For my own future reference: 2012, October 4. This is what the rice field looks like.
A week and a half or so I went out to harvest the mochi rice, which is in the field to the right of the road (left side of photo). It took me three days of 3 hours / day to cut, bundle and hang on the rack to dry. (not including setting up the racks and carrying all the poles and racks.)
The small field to the left/top of the road was done Sept.29 with help from a group of Australian high-school students who came for three days.
A typhoon came and we didn’t bother going into the field for a few days. We did, however spend half a day to borrow a “binder” machine to harvest, bundle and bind the rice. I finally used it today, Oct 4th, in the afternoon. The morning was spent carrying and setting up the drying racks.
There is still more mochi to harvest, which we should do sooner than later, because it matures faster than the koshihikari, but it is the furthest field, and that creates a mental barrier.
Based on today’s time, it will take four more sunny days to complete the majority, especially since the further the field gets, the more time I spend just walking back and forth with bundles of rice, adding lots of “wasted” time.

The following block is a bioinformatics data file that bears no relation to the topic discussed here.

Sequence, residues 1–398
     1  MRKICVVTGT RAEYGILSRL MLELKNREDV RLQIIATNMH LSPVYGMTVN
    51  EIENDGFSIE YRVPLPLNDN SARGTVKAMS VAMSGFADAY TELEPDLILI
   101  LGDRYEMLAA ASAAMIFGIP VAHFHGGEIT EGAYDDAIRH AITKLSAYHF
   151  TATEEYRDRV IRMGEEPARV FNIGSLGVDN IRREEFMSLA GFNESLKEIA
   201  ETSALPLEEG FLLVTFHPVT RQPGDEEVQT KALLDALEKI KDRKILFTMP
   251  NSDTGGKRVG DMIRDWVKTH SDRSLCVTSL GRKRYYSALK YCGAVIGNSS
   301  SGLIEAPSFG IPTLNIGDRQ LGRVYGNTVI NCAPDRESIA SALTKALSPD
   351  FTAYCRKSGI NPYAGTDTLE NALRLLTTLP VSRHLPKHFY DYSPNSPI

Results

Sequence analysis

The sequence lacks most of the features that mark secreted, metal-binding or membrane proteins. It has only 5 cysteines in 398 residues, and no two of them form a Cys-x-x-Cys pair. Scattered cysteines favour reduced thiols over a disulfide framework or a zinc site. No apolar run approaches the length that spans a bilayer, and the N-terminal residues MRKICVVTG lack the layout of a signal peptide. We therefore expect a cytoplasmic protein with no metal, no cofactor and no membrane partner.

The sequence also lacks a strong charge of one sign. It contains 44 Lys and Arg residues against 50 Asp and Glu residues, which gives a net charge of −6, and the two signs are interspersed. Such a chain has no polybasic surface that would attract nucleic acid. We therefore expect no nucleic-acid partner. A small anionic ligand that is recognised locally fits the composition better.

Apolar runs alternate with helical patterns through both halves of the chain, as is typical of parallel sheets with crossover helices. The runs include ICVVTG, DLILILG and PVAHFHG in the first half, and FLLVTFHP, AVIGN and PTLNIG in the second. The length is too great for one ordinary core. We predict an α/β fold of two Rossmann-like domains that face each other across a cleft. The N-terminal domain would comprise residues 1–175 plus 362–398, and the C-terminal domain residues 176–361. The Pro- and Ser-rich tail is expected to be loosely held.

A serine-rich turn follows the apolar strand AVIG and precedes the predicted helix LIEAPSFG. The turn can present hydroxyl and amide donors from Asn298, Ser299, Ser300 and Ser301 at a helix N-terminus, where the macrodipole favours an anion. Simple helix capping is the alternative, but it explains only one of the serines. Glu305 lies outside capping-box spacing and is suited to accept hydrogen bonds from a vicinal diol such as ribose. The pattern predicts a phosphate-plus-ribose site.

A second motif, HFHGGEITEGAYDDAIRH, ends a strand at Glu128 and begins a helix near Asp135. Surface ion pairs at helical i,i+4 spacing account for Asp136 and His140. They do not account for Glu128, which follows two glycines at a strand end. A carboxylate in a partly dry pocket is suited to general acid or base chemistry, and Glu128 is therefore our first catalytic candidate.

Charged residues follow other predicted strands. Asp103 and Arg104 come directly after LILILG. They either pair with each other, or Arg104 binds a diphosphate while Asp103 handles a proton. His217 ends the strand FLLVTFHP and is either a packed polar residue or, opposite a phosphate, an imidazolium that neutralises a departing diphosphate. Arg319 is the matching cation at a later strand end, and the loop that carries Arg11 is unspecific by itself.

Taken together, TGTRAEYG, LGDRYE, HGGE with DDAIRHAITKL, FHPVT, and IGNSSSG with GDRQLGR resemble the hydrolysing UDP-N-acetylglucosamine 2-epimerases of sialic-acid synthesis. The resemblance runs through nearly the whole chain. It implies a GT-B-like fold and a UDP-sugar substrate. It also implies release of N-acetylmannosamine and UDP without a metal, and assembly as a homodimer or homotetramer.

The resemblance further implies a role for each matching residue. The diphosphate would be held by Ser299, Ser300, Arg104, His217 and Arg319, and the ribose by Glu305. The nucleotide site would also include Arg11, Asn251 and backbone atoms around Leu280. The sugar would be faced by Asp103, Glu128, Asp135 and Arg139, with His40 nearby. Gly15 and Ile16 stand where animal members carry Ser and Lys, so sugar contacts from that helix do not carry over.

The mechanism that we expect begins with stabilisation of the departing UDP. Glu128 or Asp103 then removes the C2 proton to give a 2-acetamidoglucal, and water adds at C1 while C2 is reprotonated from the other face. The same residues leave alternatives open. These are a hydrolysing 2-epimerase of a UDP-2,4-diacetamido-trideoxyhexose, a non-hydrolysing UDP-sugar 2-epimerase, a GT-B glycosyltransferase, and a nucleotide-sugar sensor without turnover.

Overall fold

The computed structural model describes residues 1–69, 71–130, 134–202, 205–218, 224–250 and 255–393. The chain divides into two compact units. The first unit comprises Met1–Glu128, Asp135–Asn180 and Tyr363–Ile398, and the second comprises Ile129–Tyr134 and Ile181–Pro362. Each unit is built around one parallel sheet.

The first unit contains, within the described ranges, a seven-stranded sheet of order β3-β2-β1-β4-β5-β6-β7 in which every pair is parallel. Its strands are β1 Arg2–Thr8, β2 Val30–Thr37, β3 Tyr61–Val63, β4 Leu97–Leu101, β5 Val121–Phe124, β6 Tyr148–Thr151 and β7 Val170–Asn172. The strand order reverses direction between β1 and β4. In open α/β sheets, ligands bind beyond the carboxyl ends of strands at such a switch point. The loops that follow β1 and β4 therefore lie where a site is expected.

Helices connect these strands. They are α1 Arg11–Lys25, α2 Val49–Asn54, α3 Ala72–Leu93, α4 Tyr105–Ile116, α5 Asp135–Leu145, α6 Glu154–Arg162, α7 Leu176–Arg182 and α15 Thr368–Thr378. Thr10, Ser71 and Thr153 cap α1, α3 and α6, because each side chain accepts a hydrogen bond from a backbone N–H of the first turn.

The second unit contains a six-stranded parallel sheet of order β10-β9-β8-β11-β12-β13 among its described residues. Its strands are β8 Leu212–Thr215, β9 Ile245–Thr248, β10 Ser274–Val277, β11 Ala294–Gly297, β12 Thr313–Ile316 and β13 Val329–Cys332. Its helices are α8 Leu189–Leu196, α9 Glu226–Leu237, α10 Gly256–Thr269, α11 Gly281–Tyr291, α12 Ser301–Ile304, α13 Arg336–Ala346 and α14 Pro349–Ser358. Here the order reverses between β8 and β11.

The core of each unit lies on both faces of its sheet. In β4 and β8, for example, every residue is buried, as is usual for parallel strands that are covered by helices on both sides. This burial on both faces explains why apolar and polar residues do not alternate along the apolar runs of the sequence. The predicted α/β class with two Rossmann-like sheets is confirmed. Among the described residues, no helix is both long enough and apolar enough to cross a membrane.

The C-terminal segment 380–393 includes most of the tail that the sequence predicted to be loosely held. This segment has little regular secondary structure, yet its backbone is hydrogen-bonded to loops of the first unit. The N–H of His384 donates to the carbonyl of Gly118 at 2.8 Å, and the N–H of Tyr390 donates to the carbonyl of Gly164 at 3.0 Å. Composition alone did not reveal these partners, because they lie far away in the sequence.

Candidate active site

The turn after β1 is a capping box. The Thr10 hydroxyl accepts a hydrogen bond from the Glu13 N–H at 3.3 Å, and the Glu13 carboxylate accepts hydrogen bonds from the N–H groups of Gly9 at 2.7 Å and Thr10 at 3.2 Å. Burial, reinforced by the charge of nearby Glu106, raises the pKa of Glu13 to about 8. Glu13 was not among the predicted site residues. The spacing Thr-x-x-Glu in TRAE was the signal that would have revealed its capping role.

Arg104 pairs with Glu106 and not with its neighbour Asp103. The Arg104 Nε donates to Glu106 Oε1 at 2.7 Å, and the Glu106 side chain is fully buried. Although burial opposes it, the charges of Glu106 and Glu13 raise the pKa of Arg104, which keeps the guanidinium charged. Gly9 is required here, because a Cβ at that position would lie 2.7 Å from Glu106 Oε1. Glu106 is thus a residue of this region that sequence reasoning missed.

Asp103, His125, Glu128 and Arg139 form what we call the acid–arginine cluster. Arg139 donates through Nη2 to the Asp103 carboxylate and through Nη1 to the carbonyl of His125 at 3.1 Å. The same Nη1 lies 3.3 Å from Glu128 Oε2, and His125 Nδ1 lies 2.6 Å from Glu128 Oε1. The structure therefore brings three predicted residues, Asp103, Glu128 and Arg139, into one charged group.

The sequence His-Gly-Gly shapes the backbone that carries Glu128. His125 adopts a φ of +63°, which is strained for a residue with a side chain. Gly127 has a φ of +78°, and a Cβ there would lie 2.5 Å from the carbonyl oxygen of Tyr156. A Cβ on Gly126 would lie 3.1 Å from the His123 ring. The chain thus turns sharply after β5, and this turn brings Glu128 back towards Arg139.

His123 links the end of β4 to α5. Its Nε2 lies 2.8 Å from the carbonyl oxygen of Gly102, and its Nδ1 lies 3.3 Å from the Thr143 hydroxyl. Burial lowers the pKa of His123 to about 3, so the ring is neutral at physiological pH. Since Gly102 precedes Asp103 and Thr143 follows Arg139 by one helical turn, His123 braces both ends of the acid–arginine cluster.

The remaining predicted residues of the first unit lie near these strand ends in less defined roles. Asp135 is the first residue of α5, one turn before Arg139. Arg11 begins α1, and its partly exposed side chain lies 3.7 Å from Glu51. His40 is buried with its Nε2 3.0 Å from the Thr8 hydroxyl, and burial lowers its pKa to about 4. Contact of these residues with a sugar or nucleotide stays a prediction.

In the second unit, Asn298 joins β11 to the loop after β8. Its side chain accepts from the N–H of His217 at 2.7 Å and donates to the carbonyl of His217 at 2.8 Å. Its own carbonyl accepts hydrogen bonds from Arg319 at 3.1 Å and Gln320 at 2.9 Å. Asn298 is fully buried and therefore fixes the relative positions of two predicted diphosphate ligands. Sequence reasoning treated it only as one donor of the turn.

Once most of the rice is on the rack, there are still plenty of stray stalks at the edges of the fields, or laying stranded in the middle of the field that we have to go through and collect. We may also have to go find or purchase more racks to dry the rice on, as most of ours are pretty rotted and weak.
Maybe we will be done harvesting by next week, just in time to start threshing the first harvested rice. For that we will most likely be putting each bundle into the van and driving them up to a neighbor’s garage where he has a threshing machine. Last year we did this all by hand. It was a great experience, and if any visitors come out I would love to pull out the foot-powered thresher, but are finding ourselves with less time on our hands this year so seeing as how we have already had the experience, I think we will opt for the quick modern methods.
And so, today, after I take Mona to the bus stop and answer a few emails, I will be off to the rice field to do some odds and ends, set up racks, pick up loose rice stalks from the ground, etc. until the morning dew dries and I can start harvesting and bundling again.